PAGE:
WASHINGTON (AP) -- A majority of the Federal Communications Commission is in favor of a measure that will allow for the quick release of the names of the winners of a record airwaves auction.
The identity of the anonymous bidders in the $19.6 billion auction could be released early next week or perhaps as soon as Friday, according to an FCC official who asked not to be named because the vote was not official.
While the auction set a record, the news was not all good. One portion of the spectrum that was dedicated to the creation of a nationwide emergency communications network failed to attract a winning bid.
FCC Chairman Kevin Martin said Tuesday that he had circulated an order among his fellow commissioners that would "de-link" the so-called D block from the auction. Following approval by the full commission, the results could be released "almost immediately," he said.
Martin normally circulates an order three weeks in advance if it is designated for vote at a public meeting. But such advance warning is not necessary when commissioners approve an item "on circulation," as three members had done by late Wednesday.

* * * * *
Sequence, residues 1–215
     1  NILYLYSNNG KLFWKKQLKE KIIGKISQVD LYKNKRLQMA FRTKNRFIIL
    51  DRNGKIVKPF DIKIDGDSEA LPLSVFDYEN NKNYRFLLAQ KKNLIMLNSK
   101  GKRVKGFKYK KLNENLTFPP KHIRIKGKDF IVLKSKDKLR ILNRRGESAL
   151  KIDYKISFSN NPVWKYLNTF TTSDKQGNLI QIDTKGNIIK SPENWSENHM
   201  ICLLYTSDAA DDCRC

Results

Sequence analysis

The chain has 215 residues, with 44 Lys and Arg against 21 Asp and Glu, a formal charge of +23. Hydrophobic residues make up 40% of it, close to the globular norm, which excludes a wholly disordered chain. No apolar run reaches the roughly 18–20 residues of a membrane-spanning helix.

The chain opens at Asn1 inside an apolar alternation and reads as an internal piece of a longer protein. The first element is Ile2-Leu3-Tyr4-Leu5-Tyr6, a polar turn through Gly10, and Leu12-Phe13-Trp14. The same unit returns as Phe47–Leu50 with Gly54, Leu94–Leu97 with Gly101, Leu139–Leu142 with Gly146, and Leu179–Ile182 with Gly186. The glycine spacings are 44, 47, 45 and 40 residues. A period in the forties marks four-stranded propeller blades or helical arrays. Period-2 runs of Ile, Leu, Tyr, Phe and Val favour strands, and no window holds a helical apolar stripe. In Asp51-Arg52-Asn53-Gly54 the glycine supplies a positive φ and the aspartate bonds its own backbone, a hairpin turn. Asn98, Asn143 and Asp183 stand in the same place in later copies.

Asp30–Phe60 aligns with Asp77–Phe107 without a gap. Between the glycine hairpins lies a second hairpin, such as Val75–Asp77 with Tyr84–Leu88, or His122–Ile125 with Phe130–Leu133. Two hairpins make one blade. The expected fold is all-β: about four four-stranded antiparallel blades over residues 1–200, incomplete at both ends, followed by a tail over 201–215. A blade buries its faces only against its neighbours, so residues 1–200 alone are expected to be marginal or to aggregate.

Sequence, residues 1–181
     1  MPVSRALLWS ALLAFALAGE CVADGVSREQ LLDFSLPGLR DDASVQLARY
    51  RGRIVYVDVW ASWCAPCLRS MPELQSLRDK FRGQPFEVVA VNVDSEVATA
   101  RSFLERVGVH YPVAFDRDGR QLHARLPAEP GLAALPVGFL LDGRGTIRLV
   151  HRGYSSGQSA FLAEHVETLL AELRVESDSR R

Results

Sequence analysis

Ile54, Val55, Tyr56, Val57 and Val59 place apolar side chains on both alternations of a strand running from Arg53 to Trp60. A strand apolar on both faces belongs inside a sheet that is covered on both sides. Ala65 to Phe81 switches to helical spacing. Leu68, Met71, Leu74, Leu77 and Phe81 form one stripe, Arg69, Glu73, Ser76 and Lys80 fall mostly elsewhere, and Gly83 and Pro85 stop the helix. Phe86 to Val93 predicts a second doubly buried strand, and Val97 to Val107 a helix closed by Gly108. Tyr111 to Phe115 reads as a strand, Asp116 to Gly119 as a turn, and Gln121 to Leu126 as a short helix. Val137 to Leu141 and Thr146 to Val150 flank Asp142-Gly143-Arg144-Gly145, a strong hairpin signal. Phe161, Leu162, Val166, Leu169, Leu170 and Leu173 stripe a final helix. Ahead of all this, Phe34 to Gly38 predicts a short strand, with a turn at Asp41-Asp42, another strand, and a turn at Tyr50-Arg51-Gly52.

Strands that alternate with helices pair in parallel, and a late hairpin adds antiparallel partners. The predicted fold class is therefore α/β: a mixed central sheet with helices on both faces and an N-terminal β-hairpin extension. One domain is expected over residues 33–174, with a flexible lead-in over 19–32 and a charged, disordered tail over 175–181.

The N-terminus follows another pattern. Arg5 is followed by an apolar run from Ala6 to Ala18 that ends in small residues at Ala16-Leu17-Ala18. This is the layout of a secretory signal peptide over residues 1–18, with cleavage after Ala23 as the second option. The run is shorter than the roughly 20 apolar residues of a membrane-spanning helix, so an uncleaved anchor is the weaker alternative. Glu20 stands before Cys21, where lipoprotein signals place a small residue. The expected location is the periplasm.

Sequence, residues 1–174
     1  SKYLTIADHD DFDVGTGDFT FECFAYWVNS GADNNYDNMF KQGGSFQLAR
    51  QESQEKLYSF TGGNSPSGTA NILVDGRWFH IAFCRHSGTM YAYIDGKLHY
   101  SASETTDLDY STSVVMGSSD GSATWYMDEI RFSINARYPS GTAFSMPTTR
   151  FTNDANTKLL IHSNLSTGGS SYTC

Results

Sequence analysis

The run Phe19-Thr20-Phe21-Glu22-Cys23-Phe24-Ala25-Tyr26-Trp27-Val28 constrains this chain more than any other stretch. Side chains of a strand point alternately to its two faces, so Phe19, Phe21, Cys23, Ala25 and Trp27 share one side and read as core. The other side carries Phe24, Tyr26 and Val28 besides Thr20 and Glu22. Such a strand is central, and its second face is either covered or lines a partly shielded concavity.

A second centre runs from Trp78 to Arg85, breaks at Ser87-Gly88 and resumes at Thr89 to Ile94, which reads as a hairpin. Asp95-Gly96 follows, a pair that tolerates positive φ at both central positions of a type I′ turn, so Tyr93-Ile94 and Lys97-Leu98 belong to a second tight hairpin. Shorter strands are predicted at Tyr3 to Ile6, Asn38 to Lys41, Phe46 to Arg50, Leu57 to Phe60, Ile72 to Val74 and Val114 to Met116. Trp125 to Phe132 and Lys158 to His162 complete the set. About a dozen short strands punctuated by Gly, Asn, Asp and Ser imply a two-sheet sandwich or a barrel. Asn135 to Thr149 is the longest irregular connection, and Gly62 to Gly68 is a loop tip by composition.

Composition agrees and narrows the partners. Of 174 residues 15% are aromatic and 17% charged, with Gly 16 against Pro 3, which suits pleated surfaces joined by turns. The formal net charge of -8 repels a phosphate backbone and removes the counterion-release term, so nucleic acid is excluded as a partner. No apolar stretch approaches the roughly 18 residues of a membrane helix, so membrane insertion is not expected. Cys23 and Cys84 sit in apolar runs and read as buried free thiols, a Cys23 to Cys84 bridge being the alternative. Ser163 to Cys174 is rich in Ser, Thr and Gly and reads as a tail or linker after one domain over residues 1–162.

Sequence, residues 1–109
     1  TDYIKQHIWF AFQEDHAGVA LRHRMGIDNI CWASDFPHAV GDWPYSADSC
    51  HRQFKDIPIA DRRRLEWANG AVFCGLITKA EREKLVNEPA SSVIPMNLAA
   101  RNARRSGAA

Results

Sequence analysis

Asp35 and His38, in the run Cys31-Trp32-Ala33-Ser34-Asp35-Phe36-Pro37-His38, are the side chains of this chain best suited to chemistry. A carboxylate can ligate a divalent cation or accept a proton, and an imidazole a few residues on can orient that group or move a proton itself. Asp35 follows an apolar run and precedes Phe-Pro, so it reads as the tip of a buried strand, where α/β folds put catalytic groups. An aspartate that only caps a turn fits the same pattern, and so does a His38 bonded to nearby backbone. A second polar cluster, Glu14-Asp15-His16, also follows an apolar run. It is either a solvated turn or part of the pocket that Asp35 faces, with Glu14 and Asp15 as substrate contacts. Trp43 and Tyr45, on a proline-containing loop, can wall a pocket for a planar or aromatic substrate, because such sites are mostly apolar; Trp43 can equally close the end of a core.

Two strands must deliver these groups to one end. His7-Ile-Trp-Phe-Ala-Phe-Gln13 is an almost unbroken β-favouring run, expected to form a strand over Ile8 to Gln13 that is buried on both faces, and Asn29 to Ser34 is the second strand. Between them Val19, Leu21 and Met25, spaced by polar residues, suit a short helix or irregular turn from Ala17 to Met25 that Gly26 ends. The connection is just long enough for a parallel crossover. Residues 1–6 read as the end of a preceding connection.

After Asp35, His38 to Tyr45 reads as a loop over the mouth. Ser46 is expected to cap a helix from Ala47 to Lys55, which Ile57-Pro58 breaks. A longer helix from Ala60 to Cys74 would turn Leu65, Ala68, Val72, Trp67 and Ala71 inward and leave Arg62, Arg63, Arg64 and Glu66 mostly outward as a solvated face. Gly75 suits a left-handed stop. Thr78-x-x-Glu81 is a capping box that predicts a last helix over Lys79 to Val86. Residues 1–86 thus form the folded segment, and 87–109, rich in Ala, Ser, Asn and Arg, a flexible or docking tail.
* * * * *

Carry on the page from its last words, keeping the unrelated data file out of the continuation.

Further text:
The airwaves for auction are being made available thanks to the transition to digital broadcasting by full-power television stations. Broadcasters have to be off the spectrum by Feb. 18, 2009.
Besides raising the most money, the auction was also a victory for consumers, according to Martin. Thanks to an "open-access" provision, subscribers on about one-third of the airwaves auctioned will be able to use any phone and any type of software they choose, as long as they don't harm the network.
The winning bidders have yet to be announced, but the most likely candidates are the nation's two top cellular providers, AT&T Inc. and Verizon Wireless.
The spectrum at auction was considered especially valuable due to its ability to travel long distances and easily penetrate walls - the same qualities that made it ideal for television broadcasters.